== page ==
Bell's Petition for Rehearing prompted our search for a more satisfactory resolution of the issue and led us to the following commentary:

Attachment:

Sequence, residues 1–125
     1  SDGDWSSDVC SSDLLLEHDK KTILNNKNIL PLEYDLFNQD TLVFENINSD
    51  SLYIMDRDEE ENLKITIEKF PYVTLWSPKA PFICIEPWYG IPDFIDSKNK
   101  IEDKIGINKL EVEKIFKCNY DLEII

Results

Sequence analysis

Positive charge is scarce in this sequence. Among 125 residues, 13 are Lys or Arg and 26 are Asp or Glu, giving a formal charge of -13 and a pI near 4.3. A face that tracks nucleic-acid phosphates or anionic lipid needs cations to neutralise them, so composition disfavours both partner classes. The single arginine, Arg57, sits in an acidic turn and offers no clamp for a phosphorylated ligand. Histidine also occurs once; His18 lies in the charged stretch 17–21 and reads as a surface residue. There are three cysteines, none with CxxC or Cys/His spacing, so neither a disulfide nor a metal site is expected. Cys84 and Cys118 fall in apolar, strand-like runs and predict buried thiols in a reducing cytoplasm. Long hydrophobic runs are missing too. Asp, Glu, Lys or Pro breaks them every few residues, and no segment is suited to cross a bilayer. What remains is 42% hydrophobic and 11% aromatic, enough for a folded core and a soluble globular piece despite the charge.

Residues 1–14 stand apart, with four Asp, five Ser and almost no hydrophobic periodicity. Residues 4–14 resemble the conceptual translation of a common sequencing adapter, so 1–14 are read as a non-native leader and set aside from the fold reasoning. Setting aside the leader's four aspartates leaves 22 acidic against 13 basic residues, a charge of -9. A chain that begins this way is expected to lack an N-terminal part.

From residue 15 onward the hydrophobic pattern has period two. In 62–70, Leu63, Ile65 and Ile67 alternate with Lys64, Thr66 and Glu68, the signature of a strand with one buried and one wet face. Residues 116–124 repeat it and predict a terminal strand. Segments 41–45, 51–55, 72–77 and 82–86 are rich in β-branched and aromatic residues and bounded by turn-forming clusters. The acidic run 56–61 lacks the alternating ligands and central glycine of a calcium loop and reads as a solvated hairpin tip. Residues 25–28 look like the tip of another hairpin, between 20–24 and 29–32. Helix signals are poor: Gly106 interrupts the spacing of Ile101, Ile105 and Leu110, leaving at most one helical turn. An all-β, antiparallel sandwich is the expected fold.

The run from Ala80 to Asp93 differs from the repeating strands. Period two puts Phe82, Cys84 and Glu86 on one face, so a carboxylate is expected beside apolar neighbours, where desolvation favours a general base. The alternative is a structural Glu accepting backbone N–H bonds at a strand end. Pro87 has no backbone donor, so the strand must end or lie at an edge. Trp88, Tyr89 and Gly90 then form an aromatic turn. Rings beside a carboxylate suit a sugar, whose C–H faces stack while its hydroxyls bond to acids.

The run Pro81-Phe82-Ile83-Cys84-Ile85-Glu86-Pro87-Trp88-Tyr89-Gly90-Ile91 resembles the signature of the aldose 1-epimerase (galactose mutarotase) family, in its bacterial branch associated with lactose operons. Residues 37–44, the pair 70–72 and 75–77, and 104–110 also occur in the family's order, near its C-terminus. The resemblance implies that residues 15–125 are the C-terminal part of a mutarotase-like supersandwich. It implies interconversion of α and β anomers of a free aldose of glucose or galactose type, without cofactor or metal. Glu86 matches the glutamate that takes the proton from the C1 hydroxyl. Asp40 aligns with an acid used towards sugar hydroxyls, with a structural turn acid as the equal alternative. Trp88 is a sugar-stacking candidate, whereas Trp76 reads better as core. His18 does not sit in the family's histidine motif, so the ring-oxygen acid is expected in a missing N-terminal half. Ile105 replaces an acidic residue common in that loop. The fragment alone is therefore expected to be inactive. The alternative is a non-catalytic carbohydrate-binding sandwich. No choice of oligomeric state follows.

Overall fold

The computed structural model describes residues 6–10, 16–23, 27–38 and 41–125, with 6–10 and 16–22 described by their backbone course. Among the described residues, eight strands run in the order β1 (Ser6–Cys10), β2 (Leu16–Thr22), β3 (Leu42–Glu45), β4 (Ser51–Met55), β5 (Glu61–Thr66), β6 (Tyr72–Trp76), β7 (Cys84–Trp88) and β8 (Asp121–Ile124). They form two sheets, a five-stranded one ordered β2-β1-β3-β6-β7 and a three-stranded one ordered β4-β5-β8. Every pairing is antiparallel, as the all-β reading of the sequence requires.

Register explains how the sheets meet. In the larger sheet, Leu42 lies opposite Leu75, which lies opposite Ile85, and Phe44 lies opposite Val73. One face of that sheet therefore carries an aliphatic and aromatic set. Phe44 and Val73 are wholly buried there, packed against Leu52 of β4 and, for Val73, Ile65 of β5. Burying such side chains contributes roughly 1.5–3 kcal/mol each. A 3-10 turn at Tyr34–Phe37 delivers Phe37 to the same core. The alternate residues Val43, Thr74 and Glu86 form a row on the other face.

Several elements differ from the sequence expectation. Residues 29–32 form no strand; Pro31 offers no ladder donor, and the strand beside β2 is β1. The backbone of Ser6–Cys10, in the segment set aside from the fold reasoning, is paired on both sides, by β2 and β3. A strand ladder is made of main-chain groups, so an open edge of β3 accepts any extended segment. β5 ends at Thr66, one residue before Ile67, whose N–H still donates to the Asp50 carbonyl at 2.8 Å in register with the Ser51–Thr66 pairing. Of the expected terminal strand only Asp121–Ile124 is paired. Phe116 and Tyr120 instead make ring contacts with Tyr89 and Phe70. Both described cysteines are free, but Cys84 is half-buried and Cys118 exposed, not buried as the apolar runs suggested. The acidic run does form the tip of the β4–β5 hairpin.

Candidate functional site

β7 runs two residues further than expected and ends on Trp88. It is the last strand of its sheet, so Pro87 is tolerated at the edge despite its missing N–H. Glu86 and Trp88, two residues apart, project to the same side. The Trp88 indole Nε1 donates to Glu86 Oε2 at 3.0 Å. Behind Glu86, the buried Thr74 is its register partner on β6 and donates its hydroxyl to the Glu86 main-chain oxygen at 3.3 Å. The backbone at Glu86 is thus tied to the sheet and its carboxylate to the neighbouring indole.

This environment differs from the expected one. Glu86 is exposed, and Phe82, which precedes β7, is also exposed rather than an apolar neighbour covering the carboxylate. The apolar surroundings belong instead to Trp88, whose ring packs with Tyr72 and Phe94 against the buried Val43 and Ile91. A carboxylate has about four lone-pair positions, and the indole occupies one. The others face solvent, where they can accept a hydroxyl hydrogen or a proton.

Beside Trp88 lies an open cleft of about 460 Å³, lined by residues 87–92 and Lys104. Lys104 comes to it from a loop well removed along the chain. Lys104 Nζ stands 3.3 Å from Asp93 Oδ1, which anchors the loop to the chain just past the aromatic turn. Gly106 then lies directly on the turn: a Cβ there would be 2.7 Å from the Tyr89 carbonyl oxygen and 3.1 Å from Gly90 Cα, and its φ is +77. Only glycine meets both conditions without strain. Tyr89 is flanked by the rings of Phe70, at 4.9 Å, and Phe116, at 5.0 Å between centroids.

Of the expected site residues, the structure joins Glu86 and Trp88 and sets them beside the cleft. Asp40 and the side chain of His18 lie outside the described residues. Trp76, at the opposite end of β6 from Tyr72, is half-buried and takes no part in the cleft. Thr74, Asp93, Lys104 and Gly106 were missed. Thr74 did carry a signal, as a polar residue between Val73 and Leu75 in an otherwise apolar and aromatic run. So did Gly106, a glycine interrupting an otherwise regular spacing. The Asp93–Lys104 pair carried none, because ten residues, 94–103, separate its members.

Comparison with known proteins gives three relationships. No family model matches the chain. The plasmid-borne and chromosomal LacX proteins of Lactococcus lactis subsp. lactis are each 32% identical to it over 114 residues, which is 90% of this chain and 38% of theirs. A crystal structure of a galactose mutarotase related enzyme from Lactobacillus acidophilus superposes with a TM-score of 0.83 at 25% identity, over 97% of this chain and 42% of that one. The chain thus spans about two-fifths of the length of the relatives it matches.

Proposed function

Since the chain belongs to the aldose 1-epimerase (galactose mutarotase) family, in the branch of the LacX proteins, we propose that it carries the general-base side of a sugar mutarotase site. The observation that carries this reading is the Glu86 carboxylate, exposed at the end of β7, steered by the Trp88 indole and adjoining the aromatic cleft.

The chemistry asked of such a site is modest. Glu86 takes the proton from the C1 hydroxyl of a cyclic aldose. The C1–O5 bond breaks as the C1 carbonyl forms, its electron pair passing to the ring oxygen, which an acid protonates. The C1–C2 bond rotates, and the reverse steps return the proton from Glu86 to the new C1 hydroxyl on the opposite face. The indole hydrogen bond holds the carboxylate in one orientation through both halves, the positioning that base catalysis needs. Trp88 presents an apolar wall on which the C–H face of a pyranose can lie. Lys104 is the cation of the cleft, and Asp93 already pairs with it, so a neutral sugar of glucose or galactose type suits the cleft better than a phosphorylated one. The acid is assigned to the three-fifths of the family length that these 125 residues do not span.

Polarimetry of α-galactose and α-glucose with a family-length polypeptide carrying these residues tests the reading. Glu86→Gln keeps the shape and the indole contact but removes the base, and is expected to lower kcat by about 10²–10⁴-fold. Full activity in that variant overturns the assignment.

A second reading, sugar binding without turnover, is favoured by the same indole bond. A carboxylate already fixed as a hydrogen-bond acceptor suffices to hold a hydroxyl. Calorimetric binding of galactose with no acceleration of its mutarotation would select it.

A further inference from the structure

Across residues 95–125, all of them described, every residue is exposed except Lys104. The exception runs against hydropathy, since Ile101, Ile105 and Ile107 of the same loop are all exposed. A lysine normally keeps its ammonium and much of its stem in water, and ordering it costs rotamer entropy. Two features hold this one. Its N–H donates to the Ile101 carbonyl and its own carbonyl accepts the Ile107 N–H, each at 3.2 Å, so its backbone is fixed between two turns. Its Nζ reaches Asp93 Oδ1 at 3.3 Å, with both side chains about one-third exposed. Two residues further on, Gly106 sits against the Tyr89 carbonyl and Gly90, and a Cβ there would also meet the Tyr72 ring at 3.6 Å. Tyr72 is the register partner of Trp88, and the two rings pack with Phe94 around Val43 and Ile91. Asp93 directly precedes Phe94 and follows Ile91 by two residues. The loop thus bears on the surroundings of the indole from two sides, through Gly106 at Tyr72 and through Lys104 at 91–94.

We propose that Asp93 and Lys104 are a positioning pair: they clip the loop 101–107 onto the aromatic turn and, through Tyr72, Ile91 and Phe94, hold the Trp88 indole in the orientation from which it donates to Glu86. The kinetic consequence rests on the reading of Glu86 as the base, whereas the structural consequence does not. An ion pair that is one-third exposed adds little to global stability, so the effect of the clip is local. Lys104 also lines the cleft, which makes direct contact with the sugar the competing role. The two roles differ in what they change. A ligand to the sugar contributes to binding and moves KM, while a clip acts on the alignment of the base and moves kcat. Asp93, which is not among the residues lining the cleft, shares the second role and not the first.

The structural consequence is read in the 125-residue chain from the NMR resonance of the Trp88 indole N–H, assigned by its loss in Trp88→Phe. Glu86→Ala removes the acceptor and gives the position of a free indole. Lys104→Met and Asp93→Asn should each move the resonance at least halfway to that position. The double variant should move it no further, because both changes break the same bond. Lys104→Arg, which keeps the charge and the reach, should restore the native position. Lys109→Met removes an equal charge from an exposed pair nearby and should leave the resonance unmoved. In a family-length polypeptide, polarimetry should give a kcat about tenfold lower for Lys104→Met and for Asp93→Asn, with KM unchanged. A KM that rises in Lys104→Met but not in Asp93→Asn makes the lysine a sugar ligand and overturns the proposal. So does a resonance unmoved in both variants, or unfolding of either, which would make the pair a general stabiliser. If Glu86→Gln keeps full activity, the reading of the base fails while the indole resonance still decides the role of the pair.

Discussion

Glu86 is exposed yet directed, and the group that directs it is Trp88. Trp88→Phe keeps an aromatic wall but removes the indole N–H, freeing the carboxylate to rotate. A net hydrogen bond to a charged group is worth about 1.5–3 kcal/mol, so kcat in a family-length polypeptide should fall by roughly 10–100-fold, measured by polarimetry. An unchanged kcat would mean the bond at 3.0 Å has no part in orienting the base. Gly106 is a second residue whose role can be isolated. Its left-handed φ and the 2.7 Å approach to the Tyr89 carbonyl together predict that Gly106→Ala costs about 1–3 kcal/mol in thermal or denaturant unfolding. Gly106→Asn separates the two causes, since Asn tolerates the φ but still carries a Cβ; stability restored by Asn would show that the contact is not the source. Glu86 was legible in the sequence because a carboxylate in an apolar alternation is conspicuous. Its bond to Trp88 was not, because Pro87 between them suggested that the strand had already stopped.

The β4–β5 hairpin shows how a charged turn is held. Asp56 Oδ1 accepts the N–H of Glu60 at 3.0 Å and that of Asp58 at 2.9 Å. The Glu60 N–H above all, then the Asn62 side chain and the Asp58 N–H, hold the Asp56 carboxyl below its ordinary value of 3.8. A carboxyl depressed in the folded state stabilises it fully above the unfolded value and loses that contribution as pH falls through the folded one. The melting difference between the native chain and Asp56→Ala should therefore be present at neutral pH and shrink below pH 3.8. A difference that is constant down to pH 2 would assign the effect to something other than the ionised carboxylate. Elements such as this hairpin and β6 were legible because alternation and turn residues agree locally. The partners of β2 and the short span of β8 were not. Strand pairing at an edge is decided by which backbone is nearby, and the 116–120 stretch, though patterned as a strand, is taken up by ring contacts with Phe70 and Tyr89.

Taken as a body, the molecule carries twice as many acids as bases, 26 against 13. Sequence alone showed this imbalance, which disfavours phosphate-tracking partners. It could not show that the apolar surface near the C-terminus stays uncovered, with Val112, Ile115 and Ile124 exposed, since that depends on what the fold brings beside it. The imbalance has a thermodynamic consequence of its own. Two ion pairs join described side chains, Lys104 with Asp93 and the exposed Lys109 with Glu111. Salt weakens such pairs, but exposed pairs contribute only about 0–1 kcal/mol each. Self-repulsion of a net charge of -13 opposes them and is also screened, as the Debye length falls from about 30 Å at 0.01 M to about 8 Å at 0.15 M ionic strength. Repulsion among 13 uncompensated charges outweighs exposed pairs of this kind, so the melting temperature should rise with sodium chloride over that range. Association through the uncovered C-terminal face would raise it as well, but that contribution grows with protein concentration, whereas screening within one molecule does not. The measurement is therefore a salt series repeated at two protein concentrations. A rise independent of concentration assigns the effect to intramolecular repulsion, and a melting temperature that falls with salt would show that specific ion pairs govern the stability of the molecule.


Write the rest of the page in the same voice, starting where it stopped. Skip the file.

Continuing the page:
"In regard to compound interest, or interest on interest, there has existed much doubt and difference of opinion. It was rigorously prohibited by the Roman law: Nullo modo usurae usurarum a debitoribus exigantur. The English law followed in the same track. So in an early case in chancery, Lord Cowper held a clause in a mortgage, that if the interest was behind six months, then it should be accounted principal and compound interest, was `void and of no use;' `that to make interest principal, it is requisite that it be grown due, and then an agreement concerning it may make it principal.' It is not regarded as within the statutory prohibition of usury, but as leading to oppression and abuse. So Lord Eldon has said, `There is nothing unfair *612 or perhaps illegal in taking a covenant, originally, that if interest is not paid at the end of the year, it shall be converted into principal. But this court will not permit that, as tending to usury, though it is not usury.'" * * * * * * "... [I]n a subsequent case, the ... learned judge laid down the rule that `compound interest cannot be demanded and taken, except upon a special agreement made after the interest has become due'. .. ." "So in ascertaining the amount due on a note made payable with interest annually, simple interest only is to be computed; and interest on the interest will not be allowed. But if a new note is given for the interest, it is thereby converted into capital, and it may be given with interest." "WHERE ALLOWED. An exception has been, however, introduced by the usages of modern trade to the general rule which denies compound interest. As between merchants upon their mutual accounts, it is the custom to cast interest upon the several items, and to strike a balance at the end of the year of the items of principal and those of interest, and to carry the footing of the two to a new account, as forming the first item of principal for the ensuing year. In this manner, yearly rests, as they are called, have for a long time been made and acquiesced in by the mercantile world. But after the mutual trade and dealings have ceased, the right to make annual rests ceases; and in the absence of any specific agreement, the creditor is allowed simple interest only on the balance of his account; the right to make the yearly rests growing out of the mutuality of the debts and credits; and the allowing of interest on each side." "Another exception to the general rule denying compound interest grows out of the conduct of the defendant; where that is grossly delinquent or intentionally contrary to his duty, compound interest is sometimes inflicted by way of punishment. Where partial payments have been made in cash, or by rents and profits, or otherwise, the payments are to be first applied to the satisfaction of the interest then due, and the balance only is to go towards the reduction of the principal."